Traditionally, rabies exists in two forms in a community. The urban form, propagated chiefly by unimmunized cats and dogs, and sylvatic, propagated in North American by bats, coyotes, raccoons, and skunks. Infection in domestic animals represents a "spillover" from sylvatic reservoirs of infection. In the United States today, wildlife accounts for over 90% of reported cases of animal rabies. Every opportunity should be taken to educate the public on the risks of trauma and infectious diseases associated with contact with wild animals.
Controlling Rabies in Animals
The control of rabies in bats and terrestrial mammals is very difficult. Selective population reduction may be useful in terrestrial rabies outbreaks, but the success of these efforts depends on the circumstances surrounding each rabies outbreak episode. It is generally not feasible or desirable to attempt wild carnivore or bat population reductions as a means of rabies control. Wildlife vaccination in New Jersey is not currently indicated due to the rabies strain types present here and the lack of a spreading epizootic.
Animals with rabies may exhibit telltale signs that something is physically wrong:
- Avoidance of food and water
- Bizarre behavior
- Daytime activity in a nocturnal animal (bat, skunk, raccoon, etc.)
- Excessive salivation
- Extreme depression
- Impaired locomotion
- Unusual aggression
- Varying degrees of paralysis (frequently beginning in the hind legs)
These signs indicate that extreme caution must be taken when approaching or attempting to interact with the animal. Generally, a lack of fear of humans is also an unusual behavior for wild animals. Special procedures are often required to trap animals for observation and/or rabies testing. If wild animals drink or eat out of a pet's bowl, there is little or no risk of rabies virus transmission to the pet. However, the practice should be discouraged because it may expose the pet to other illnesses.
Vaccinations in Pets
By 1960, mandatory vaccination of dogs in the United States largely controlled canine and human rabies. This immune barrier has been established nationwide at a cost of over $300 million annually. Cats are also vaccinated for rabies but it is not mandatory and feline rabies are now more common than canine rabies in the United States. With the widespread vaccination of cats and dogs in the United States, most endemic human rabies is a result of contact with rabid wildlife, particularly bats.
Animal Rabies Outside of the United States
Rabies has traditionally been associated with dogs more than any other animal, and in parts of the world where domestic animal control and vaccination programs are limited, dogs remain the most important reservoir of the disease for people. Other domestic and farm animals can be rabid, too, though, and rabies occurs in a variety of wild animal species found in other countries.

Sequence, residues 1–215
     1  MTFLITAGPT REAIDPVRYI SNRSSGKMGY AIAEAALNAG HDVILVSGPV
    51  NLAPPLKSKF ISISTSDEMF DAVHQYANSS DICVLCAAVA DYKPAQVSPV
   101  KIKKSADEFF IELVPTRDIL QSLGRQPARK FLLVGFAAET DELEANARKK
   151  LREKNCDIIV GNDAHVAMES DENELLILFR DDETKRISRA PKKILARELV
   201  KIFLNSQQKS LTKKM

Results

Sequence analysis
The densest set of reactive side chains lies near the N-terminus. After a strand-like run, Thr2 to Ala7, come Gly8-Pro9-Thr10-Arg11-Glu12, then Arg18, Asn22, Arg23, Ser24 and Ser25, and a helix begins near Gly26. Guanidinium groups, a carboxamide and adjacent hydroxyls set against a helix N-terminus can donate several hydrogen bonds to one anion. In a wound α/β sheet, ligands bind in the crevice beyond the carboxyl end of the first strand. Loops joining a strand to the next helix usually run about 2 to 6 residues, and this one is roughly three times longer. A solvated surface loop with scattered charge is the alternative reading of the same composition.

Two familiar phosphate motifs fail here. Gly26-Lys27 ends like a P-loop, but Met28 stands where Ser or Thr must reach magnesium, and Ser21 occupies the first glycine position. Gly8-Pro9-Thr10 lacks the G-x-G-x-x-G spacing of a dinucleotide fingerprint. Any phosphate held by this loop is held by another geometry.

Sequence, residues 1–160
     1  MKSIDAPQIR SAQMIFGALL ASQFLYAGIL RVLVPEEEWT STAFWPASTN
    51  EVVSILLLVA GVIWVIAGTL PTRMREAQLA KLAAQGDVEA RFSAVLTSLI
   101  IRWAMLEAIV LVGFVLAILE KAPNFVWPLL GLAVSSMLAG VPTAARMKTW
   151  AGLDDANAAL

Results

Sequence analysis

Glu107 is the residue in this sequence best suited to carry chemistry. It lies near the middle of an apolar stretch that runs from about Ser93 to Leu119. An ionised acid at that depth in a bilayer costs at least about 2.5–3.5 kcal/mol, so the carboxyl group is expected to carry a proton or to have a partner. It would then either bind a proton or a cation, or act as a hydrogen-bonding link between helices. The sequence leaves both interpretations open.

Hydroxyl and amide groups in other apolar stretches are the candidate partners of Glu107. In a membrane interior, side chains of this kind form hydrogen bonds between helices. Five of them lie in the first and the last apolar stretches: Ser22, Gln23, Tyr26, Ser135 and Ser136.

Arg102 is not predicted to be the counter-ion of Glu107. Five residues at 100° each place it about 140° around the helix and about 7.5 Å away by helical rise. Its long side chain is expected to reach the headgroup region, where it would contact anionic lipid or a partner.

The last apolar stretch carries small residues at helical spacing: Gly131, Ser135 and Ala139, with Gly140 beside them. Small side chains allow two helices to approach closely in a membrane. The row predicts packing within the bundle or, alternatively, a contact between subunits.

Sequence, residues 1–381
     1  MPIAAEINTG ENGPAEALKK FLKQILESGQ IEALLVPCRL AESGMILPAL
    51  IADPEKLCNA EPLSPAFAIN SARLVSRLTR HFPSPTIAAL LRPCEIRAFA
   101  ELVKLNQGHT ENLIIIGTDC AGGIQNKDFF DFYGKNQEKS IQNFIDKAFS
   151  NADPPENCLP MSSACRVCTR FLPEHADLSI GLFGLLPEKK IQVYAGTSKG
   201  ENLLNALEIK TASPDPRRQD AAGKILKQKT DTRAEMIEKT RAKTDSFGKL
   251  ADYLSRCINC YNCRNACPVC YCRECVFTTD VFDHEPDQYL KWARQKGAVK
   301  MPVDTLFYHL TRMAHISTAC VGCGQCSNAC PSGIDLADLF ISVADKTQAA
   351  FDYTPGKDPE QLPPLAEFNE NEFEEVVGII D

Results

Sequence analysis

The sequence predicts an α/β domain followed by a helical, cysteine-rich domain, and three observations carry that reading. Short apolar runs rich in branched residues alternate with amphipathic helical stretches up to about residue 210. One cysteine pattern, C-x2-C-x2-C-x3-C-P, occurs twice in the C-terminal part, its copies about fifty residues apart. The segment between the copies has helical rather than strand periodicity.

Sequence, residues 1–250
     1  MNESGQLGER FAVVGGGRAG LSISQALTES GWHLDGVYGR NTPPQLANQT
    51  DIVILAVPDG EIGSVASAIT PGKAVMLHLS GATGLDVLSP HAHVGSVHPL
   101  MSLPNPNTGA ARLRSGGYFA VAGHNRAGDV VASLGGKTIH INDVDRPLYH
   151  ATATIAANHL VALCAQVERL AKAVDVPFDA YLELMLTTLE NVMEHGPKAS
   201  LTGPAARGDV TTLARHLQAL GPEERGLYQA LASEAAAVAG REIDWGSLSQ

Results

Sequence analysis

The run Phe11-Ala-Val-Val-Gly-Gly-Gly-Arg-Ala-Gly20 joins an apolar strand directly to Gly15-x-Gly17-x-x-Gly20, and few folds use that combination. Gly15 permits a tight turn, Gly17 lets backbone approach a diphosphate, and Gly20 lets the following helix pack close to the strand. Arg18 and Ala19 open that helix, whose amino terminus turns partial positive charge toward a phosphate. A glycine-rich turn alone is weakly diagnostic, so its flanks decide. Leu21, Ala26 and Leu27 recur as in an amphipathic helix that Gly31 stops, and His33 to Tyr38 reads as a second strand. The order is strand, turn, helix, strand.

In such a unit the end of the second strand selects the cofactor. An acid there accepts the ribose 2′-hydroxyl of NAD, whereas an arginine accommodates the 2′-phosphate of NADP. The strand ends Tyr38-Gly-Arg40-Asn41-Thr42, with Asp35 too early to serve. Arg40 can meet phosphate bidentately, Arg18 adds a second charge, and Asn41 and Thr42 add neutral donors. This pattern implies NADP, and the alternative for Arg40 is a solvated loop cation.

Consequently, persons who have been bitten by any animal in another country should be fully evaluated as soon as possible by health authorities in that country and by their personal physician in the U.S. Local health departments can assist physicians with this evaluation.
Animal Rabies Within the United States
While dog rabies is a major problem in much of the world, in the United States, animal control and vaccination programs assure that rabies remains rare in dogs, cats, and other domestic animals. In this country, over 90% of animal rabies cases occur in wildlife. Rabies has been detected in many different wild animal species.
Reservoirs of Terrestrial Rabies
However, certain geographically distinct reservoirs of terrestrial rabies exist, each with its own variants of the virus. The boundaries of these reservoirs shift constantly. Within each area, rabies transmission occurs predominantly within the dominant reservoir species - with occasional "spillover infection" to other species. There are currently four terrestrial reservoir species in the U.S.: raccoons, skunks, foxes and coyotes. In addition to these reservoirs of terrestrial rabies, indigenous rabid bats have been found in every state except Hawaii.
Animal Rabies in New Jersey
In 2014, there were 348 laboratory confirmed cases of rabies in animals. Wildlife accounts for the largest percentage of the rabid animals tested. Cats have accounted for 90% of the domestic animal cases in New Jersey since 1989. For the last five years there has been an average of 16 cats infected with rabies annually.
All areas of the State of New Jersey, including urban centers, have been affected by the raccoon rabies epizootic. Suburban areas in which raccoons, people and pets are in close proximity have had the highest number of cases. From 1989 through 2010, over 6,000 New Jersey animals were confirmed to have rabies. Rabies is well established in raccoon, skunk and bat populations in New Jersey. Every opportunity should be taken to educate the public on the risks of trauma and infectious diseases associated with contact with wild animals.
Animal Rabies in Princeton
Raccoons and bats are the most commonly rabid animal currently found in Princeton. The Princeton Health Department urges parents to speak with their children about not approaching wild animals, specifically raccoons.
Property owners are also urged to monitor the exterior of dwellings to ensure there are no openings which may allow the entry of bats. The best time of the day to do this is at dusk when bats will typically leave their roosts and hunt for flying insects. Bats can be seen exiting through eaves, vents or from behind shutters or siding. If you notice an opening in the exterior and have reason to believe bats have been entering/exiting your home, contact a licensed pest control company, or the Princeton Health Department for guidance.